The Montenegrin Church claims that church property in Montenegro built before 1918, the year when Montenegro united with Serbia, should be returned to the Montenegrin state, something that the Serbian Orthodox Church vigorously opposes. The Montenegrin state is directly involved in the legal dispute, of which it is supposed to be the arbitrator.
Major religious groups criticized the government’s failure to pass new laws on the legal status of religious groups and to amend legislation to provide restitution for seized religious properties. There were reports of societal discrimination based on religious affiliation, belief, or practice. A new Montenegrin law on religion passed unanimously 45-0 after midnight on 27 December 2019. shortly afterward with opposition deputies either boycotting or not present for the vote because they were detained.
President Milos Djukanovic, who had been a big promoter of the legislation, signed the bill on December 28 to make it law soon after its publication in the legal gazette. In the lead-up to the vote, supporters of the Serbian Orthodox Church in Montenegro protested around the country and in front of parliament in the capital, Podgorica, on 26 December 2019.
The government in Podgorica withdrew a previous draft law on religion in 2016 amid international criticism, including from the Serbian Orthodox Church, minority Catholic and Muslim communities, and the Council of Europe's Venice Commission, which offers legal advice to protect minorities and the rule of law among its members.
Much of the new law was hailed as a positive step toward bringing Montenegro's postindependence legislation on religion and faith up to date to replace Yugoslav-era laws. It included language that covers nonreligious beliefs like atheism, takes a liberal approach toward the registration of religious communities, and respects the freedom of those groups to decide on their names and symbols.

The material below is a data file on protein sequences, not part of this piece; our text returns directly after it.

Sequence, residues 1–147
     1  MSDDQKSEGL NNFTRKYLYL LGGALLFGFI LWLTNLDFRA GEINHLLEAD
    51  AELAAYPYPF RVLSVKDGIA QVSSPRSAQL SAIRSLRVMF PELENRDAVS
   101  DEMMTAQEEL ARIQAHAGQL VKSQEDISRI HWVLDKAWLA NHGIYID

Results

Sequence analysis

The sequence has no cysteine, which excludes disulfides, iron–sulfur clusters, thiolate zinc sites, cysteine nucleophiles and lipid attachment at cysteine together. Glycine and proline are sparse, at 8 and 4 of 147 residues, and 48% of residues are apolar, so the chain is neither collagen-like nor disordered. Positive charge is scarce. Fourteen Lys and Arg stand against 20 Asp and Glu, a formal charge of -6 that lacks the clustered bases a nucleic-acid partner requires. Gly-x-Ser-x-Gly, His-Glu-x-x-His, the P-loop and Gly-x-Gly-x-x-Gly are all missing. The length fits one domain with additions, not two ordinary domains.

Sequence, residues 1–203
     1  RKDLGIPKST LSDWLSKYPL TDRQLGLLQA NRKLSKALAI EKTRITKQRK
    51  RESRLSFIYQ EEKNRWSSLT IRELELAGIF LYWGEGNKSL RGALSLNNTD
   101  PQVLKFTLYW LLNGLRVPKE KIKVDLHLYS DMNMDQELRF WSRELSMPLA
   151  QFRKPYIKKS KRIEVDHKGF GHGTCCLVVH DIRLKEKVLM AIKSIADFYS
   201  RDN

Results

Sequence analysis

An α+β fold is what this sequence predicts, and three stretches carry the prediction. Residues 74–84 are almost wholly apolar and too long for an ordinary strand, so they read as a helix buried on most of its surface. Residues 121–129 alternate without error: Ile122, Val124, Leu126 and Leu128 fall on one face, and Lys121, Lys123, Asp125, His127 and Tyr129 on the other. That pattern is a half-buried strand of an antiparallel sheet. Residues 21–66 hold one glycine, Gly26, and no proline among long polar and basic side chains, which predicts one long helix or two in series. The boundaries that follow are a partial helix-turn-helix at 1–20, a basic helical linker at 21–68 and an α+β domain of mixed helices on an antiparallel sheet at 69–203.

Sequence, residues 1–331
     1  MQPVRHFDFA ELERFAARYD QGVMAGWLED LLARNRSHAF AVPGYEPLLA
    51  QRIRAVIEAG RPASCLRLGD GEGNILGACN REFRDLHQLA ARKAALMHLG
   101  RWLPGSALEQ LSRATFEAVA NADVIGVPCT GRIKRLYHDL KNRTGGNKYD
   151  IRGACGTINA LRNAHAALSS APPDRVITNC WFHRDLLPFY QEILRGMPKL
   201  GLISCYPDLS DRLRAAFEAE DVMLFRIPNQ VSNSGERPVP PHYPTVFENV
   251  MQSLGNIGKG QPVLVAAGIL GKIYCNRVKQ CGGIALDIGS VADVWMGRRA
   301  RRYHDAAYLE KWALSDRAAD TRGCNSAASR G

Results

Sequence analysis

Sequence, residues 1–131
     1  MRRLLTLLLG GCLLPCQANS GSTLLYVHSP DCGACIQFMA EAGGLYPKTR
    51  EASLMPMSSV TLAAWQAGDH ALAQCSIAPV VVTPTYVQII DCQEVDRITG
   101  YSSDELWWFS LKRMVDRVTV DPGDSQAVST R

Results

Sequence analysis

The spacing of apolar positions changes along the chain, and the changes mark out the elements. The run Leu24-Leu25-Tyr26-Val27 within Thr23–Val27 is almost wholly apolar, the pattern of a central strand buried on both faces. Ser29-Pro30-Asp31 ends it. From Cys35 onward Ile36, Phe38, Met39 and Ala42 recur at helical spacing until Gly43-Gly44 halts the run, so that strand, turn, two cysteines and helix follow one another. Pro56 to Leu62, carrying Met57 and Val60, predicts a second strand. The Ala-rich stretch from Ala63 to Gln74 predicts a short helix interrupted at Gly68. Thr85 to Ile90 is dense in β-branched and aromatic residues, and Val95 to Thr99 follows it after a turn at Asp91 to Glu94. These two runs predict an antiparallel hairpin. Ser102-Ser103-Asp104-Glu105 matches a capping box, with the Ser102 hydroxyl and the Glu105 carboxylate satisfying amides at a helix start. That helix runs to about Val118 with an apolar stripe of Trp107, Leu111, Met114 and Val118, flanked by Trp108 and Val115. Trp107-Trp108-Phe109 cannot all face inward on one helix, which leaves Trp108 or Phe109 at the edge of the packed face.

But the bill imposes evidentiary demands on the origins of church property that particularly alarmed the Serbian Orthodox Church and its local arm, who fear the law will dispossess them of churches and other sacred sites and effectively render them unable to tend to their adherents. The law will force the Serbian Orthodox Church -- and others -- to prove its rightful ownership of property dating back to before the events of 1918-20 in court or forfeit ownership to the Montenegrin state. The Serbian church would have great difficulty keeping all of its property under such conditions as it took over many of its churches and other buildings, for instance, from the old version of the Montenegrin Orthodox Church one century ago.
Djukanovic and other officials in Podgorica have encouraged the establishment of the Montenegrin Orthodox Church and its efforts to portray itself as the legitimate successor to medieval and earlier Orthodoxy in the region. But founded by a defrocked Serbian Orthodox priest, woefully undersized, and canonically unrecognized by most of Orthodox Christianity, it has thus far attracted only around 30 percent of Orthodox Montenegrins.